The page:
Most listing agents have their work cut out for them. They've got to handle offers and juggle various contingencies and contracts as well as marketing. It definitely is a busy job-- and yet a short sale listing agent has even more work to do.
What does a short sale listing agent do?
While a typical home sale involves three parties: the buyer, the seller, and the buyer's lender, a short sale requires the seller's lender as well. The reason a seller is selling short sale is that they owe more on the house than the house is worth, and the bank has agreed to let the house go for an amount less than what the original mortgage was for. While the bank has been cordial enough to allow the sellers to get out of the home, they are not about to let the house go without a fight. Part of this fight involves meticulous paperwork and submitting all of that paperwork lands the listing agent a lot of work.
Preparing The Documents
The listing agent will first gather up all the documents required by the seller's bank and send them on over. This paperwork includes recent pay stubs and bank statements; aCMA put together by the listing agent and a closing statement. They will also work with the bank to put together a Broker Price Opinion (BPO), which helps the bank have a point of reference for the sale price. The listing agent will additionally negotiate the offers with the bank, submitting each offer and counteroffer as they arrive, as well as mitigate the second lien payoffs. A great listing agent will also check with the bank frequently to make sure no new documents are needed, and that there are no updates.
Because the listing agent is also a liaison between the buyer and seller, the listing agent delivers regular updates to them as well.
Beyond complying with each demand as set forth by the bank conducting the short sale, the listing agent will then also order the preliminary title report, reviews the short sale approval letter and delivers it to all applicable parties, works with the home inspector, and looks over closing documents.
As you can see, there is quite a lot going on behind the scenes!
What can the buyer do during a short sale?
The best thing a buyer can do during the short sale process is to sign the required documents as soon as possible and be patient. Buying a short sale property is a long process, and we mean loooooong! If you are ready to jump into a short sale, make sure you are prepared to be in it for the long haul. Remember that patience is crucial when you are waiting for an offer to be accepted.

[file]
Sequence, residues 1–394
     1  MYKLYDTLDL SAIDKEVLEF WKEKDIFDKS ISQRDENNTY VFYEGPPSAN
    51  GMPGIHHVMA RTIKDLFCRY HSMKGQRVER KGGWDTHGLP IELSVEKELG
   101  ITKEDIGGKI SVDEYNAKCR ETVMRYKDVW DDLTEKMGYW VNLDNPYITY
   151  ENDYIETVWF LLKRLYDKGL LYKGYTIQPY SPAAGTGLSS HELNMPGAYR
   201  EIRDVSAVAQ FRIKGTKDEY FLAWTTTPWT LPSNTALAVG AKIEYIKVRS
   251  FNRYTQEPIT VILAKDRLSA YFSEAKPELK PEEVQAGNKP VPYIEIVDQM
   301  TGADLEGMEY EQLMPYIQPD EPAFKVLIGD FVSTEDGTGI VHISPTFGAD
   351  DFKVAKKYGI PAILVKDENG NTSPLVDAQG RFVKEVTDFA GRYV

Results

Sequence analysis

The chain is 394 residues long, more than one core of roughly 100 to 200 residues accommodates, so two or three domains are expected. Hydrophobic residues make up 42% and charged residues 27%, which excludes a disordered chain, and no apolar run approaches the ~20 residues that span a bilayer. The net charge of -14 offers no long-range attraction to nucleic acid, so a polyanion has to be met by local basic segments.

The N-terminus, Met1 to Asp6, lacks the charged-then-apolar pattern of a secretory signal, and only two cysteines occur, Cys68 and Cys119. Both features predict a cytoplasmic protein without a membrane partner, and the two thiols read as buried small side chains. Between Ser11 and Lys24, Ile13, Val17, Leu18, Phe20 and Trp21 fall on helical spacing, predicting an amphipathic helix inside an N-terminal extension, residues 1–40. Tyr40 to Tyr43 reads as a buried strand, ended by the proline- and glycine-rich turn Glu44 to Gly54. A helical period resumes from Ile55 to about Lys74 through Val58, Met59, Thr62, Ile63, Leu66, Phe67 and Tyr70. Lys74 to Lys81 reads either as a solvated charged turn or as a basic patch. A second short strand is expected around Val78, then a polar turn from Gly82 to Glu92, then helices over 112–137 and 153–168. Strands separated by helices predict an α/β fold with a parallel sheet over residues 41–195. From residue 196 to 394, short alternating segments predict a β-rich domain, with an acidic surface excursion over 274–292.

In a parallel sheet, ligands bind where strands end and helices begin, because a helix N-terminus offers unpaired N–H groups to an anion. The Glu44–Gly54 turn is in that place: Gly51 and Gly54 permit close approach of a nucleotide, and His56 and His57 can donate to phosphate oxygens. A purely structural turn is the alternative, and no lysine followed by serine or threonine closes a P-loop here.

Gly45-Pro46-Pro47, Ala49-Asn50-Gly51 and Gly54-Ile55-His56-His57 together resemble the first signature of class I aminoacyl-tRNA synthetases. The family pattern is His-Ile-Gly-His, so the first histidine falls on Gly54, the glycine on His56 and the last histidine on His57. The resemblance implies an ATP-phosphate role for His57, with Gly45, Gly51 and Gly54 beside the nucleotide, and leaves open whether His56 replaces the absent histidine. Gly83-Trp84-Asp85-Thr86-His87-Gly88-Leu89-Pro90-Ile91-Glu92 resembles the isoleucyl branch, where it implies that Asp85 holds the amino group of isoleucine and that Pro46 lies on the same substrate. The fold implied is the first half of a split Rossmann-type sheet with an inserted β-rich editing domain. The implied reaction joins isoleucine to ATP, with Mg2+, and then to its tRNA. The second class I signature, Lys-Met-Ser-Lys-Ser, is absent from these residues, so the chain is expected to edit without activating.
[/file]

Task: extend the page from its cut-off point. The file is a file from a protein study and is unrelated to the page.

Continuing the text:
Many buyers of short sale listings want to poke around on the market and see if they can find anything better. If you feel like you jumped the gun on the house of your dreams, by all means, get out of the sale! But don't look around for backup properties and waste the time of the bank, listing agent and your agent by stopping the process if you are not sure about buying the home.
Something that helps tremendously throughout the short sale process is if the buyer's agent makes sure their prequalifying letter from their lender is up to date. You don't want to be waiting on a prequalifying letter when the timeline for buying a house via short sale is already significantly long.
What should I look for in a short sale listing agent?
There are a few things you should ask your listing agent when going through with a short sale. The first is if they've listed short sales before. Listing a short sale is a complicated process, and even the tiniest mistake could throw off the timeline. Make sure your listing agent knows what they're doing and can prove it with short sales that have gone to closing under their watch. Knowing this won't only protect the sale of the house, it will preserve your sanity throughout the transaction.
The second thing you want to ask is if they handle the short sale or hand it off to a third party. Some listing agents will hand off their short sale listings to a third party who works explicitly with short sales, but this just puts another person into an already full boat. The process works out much better and goes a lot more smooth when you can work with the listing agent directly.
The last thing to ask is how many lenders you are working with throughout the sale. Occasionally, there is more than one lender to appease when working with your short sale. If there is more than one, know that the process may take a bit longer than you originally anticipated, and prepare accordingly. You'll also want to make sure that if there is more than one lender, that your agent has done this before.
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